You Can Never Go Home

“Things change. And friends leave. Life doesn’t stop for anybody.” ~Stephen Chbosky, The Perks of Being A Wallflower

My professor gave us an example. She made us remember what it was like, to leave hometowns to study for college. Then, when we come back, it’s a whole different story. There are new stores all around, new buildings, even new faces. And maybe, if you notice that nothing has changed, then maybe it’s you that have changed.

It’s the concept of change that made me shift in my chair uncomfortably during class.

It’s one of those things I can’t admit to myself. That I’ve changed. I don’t even know for sure if that’s true, because I am always with me, and I don’t notice. It’s like realizing your hair grew long. It’s there, but you don’t notice. Only those that see you once in a while notice the changes.

It’s also hard to realize that your surroundings change. People change habits, relationships come and go, new people appear and the people you’re used to suddenly disappear. New rampant grocery stores occupy your childhood playground, and the silent streets you’ve known are no longer silent. It’s home, yes, but not quite the same. It’s like realizing that your mom has just cleaned your room. It’s quite uncomfortable.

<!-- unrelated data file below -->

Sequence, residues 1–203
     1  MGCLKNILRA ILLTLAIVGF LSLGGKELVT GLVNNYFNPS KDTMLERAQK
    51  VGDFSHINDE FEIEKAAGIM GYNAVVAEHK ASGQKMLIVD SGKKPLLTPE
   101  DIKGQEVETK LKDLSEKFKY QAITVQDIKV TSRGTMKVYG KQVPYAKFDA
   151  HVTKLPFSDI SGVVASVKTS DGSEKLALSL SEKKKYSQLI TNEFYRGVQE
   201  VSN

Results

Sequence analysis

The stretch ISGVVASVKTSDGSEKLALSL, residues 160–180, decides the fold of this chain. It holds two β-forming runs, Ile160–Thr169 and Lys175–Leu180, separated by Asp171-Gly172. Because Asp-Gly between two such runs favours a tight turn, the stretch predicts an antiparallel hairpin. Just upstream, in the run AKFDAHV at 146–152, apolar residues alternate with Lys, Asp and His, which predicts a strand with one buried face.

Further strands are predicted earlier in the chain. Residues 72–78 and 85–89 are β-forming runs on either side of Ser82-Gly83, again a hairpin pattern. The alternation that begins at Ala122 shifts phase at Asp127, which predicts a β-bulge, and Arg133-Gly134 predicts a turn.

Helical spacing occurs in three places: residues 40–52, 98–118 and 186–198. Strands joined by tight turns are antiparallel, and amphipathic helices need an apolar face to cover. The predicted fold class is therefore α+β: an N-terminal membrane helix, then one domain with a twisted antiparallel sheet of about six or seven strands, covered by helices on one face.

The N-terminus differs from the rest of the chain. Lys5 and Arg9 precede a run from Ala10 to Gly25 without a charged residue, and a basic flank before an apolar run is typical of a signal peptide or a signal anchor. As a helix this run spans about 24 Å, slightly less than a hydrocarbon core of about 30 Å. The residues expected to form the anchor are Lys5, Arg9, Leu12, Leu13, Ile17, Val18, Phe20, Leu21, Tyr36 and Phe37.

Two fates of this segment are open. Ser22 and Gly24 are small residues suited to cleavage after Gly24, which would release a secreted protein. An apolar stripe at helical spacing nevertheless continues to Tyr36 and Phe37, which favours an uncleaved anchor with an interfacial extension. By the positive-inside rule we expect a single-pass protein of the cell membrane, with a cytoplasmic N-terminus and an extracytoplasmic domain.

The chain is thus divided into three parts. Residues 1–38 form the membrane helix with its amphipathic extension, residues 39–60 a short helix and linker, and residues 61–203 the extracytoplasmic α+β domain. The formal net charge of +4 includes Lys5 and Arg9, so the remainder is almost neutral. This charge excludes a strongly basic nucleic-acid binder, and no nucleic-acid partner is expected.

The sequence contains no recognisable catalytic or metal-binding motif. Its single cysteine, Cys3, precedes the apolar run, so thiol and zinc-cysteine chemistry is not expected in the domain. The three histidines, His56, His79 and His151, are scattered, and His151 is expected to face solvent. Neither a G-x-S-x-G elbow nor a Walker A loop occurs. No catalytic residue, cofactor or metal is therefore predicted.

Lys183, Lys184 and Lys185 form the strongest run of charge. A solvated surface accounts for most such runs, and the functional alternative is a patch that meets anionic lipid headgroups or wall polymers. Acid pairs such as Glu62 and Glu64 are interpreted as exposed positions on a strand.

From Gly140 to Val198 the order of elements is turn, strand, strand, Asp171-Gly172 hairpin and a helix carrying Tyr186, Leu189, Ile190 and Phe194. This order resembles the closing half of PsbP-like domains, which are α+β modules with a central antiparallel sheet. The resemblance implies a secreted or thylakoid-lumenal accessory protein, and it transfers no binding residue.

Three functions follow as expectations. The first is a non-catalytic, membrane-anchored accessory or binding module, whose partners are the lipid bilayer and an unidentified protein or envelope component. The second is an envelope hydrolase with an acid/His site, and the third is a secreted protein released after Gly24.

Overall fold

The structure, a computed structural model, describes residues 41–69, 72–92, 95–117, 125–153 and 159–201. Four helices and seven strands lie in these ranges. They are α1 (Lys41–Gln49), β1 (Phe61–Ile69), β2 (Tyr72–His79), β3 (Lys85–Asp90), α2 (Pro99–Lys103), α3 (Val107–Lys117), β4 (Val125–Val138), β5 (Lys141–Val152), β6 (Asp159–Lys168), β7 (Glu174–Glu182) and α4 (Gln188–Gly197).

Change isn’t necessarily a bad thing, but it sure is uncertain. Maybe it will be good, but there’s no assurance. We do have a choice of living only in the present, but soon that present will be the past, soon forgotten.

But yes, you can never really go home. It’s a sad concept. It’s kind of a way of saying that you have to move on because if you don’t, you get left behind.


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